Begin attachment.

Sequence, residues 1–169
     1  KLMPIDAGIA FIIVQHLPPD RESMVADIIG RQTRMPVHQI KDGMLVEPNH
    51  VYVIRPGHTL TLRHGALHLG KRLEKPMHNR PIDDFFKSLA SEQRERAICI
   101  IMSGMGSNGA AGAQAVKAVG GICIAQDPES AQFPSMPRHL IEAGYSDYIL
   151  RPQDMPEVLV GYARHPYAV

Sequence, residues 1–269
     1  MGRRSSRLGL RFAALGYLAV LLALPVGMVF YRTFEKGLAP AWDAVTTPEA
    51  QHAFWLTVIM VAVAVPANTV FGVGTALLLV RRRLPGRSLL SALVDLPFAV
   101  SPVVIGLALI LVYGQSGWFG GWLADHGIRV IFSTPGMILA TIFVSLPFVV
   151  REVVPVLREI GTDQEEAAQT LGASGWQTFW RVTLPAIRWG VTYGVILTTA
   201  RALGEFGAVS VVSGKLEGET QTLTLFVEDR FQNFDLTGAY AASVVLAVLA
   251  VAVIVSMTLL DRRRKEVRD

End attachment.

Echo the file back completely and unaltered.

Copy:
Sequence, residues 1–169
     1  KLMPIDAGIA FIIVQHLPPD RESMVADIIG RQTRMPVHQI KDGMLVEPNH
    51  VYVIRPGHTL TLRHGALHLG KRLEKPMHNR PIDDFFKSLA SEQRERAICI
   101  IMSGMGSNGA AGAQAVKAVG GICIAQDPES AQFPSMPRHL IEAGYSDYIL
   151  RPQDMPEVLV GYARHPYAV

Sequence, residues 1–269
     1  MGRRSSRLGL RFAALGYLAV LLALPVGMVF YRTFEKGLAP AWDAVTTPEA
    51  QHAFWLTVIM VAVAVPANTV FGVGTALLLV RRRLPGRSLL SALVDLPFAV
   101  SPVVIGLALI LVYGQSGWFG GWLADHGIRV IFSTPGMILA TIFVSLPFVV
   151  REVVPVLREI GTDQEEAAQT LGASGWQTFW RVTLPAIRWG VTYGVILTTA
   201  RALGEFGAVS VVSGKLEGET QTLTLFVEDR FQNFDLTGAY AASVVLAVLA
   251  VAVIVSMTLL DRRRKEVRD